The book was Three Wishes. The author? Liane Moriarty. Since then I’ve read just about every book she’s written. I’m saving a couple. It’s always nice to have something to look forward to.

Despite going straight to number 1 on the New York Times best-seller list, a TV series based on one of her books being made in the US by famous people, movie options and more, she’s still referred to as ‘the most successful Australian author you’ve never heard of’ in this recent article. (Worth a look for the photographs alone.)

But in case you have heard of her and, like me, love her work, Liane has released a new book and is touring to chat with people like me in a town near you. Here’s her schedule and if you’re on the Sunshine Coast, or looking for an excuse to come to the Sunshine Coast, she and I will be having a chat at the Surfair in Marcoola on Wednesday 3rd August, thanks to Sunshine Coast Libraries. You’ll need to book and all the details are here. It would be great to see you there.

So, how about you? How did you discover your favourite authors? Were their books propping open a window in the desert?

What’s that you said? Natural quiet?

I stood on the beach, dripping from my swim, and watched sea birds hurtle into the water like dive bombers. Perfect arrows hunting for their targets. Foolish fish skipping across the water ended up in hungry bellies. Waves crashed on the beach and the springtime sun tickled the ripples on the water. I marvelled at how lucky I am to live in paradise. I was feeling smug until a rude and raucous interjection from a motor boat ruined the whole effect. The scene was still as beautiful, the birds just as fascinating, but any enjoyment or sense of wonder was shattered by the sound of an outboard kicking itself across the bay.

Sound, or the lack of it, is such an important element of our enjoyment of the environment. We all have the right to enjoy the natural sounds of our beaches and rivers, and no one with a noisy machine should be able to take that away. Since the 1970’s the US Government has recognised that natural quiet is a resource at the Grand Canyon, just like the animals and the vegetation, and must be protected. They’ve had all kinds of trouble with scenic flights ruining the ambience. So much so they established laws requiring that natural quiet be substantially restored to the park. Oops….I took one of those scenic helicopter flights with The Hubby last year, after we got married in Vegas by Elvis. I loved it, but we had to wear headphones to cut out the noise of the rotors.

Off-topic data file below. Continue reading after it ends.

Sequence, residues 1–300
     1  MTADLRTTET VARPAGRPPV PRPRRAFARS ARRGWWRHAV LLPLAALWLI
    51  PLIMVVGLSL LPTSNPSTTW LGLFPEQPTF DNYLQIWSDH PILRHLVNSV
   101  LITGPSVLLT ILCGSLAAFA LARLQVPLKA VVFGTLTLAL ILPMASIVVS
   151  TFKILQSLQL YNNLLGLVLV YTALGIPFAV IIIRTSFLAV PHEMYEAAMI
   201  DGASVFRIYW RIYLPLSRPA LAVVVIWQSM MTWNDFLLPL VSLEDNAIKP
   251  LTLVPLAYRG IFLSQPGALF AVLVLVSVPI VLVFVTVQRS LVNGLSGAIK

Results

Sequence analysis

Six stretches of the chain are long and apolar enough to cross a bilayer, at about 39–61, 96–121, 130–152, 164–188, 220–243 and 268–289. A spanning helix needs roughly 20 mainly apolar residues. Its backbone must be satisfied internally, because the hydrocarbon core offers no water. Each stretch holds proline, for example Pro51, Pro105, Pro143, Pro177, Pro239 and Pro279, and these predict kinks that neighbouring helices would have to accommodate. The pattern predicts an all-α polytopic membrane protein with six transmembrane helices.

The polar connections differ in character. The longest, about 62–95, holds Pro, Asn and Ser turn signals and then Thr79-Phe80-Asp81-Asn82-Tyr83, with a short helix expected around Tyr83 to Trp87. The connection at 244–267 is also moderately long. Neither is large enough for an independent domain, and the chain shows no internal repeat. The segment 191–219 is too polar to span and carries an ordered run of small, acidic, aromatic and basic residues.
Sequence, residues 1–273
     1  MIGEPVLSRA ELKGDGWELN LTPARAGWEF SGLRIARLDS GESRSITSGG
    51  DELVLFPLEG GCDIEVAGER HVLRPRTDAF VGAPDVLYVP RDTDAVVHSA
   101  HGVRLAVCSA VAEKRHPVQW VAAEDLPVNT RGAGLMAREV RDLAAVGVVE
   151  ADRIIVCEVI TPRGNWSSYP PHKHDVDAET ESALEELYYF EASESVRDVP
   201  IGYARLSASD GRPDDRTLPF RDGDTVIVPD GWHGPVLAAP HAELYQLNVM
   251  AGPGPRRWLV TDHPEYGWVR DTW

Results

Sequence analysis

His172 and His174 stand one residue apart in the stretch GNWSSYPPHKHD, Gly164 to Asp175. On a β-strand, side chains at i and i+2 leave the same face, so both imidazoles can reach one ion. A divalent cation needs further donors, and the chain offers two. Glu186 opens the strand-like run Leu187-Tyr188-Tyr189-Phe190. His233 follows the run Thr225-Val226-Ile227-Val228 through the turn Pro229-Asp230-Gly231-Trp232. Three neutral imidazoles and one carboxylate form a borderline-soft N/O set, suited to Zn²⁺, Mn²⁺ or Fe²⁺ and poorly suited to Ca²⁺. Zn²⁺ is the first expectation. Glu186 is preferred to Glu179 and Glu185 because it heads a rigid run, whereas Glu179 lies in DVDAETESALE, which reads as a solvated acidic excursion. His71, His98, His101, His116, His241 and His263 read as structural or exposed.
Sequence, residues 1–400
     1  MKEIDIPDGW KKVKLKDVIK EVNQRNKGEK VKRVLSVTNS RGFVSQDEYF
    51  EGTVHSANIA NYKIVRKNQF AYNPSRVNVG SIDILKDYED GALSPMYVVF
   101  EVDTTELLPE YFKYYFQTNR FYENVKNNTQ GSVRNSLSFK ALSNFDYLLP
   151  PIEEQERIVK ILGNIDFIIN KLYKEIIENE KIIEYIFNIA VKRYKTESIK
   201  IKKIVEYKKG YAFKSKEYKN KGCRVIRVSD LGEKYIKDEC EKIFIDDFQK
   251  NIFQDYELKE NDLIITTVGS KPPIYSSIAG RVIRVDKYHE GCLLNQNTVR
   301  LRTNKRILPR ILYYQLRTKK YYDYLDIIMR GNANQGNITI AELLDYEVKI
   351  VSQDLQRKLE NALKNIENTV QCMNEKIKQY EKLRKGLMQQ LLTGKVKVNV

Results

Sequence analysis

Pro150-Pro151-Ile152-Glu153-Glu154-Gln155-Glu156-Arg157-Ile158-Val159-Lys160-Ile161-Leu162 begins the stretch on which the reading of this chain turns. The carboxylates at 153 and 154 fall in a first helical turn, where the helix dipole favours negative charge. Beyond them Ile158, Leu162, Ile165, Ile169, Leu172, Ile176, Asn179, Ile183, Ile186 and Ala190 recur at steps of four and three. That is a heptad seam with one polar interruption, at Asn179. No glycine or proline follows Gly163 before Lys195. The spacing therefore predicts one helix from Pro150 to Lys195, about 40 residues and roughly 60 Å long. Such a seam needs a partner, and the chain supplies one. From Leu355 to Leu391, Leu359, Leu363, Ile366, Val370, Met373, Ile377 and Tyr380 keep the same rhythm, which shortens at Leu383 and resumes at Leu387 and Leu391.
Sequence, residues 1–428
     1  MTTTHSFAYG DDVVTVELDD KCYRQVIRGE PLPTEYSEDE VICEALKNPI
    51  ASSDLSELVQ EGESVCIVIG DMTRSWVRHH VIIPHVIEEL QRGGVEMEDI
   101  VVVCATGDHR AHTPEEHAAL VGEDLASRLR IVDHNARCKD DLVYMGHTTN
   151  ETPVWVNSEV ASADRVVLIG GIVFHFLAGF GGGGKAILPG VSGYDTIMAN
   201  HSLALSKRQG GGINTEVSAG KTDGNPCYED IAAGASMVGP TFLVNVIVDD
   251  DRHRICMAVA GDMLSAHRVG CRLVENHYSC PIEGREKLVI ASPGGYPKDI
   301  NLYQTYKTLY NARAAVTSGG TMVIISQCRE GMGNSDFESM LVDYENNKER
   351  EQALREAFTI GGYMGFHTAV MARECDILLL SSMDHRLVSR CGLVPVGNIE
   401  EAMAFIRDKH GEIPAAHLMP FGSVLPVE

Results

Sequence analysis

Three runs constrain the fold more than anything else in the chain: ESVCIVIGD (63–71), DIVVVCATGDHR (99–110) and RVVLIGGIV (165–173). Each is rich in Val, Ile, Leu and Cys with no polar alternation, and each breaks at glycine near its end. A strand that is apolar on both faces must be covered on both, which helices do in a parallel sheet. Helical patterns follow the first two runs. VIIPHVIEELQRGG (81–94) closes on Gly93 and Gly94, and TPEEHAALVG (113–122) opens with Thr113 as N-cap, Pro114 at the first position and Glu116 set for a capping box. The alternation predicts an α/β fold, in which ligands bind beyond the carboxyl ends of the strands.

Today, natural quiet is an exceedingly rare and increasingly threatened commodity not only in the Grand Canyon but anywhere. I love the idea of it being a natural resource that needs to be protected. We can protect habitats, vegetation, wild life and parks but if there are planes and helicopters flying overhead, the rumble of traffic in the distance or annoying motor boats churning through the water, we’re not going to experience them with any great joy.

A beach without the sound of the waves? The bush without the wind in the trees, the singing of the birds? A river without the tinkling of the water over the rocks? If these sounds are being continually drowned out by modern machinery an essential element of nature is destroyed. I love music but even so I’ve never heard a song more evocative than the sound of the sea or a symphony more exciting than a storm. And if helicopter flights over the Grand Canyon are ever banned, I’d love to say that I would hike it instead with only the sound of my breath for company, but I’d be lying. I’d stay in town and hang with Elvis.

 

 

 

Paradise

Paradise is a place where the sun always shines and the rocks are red. I know this to be true because I’ve been there. It was my five-year old nephew who led the way.  Elliot had been to paradise before and was keen to show me the beauty he’d discovered. He described a magical, secret place where the grass was green, there was a waterfall and sparkling waves lapped gently on the shore.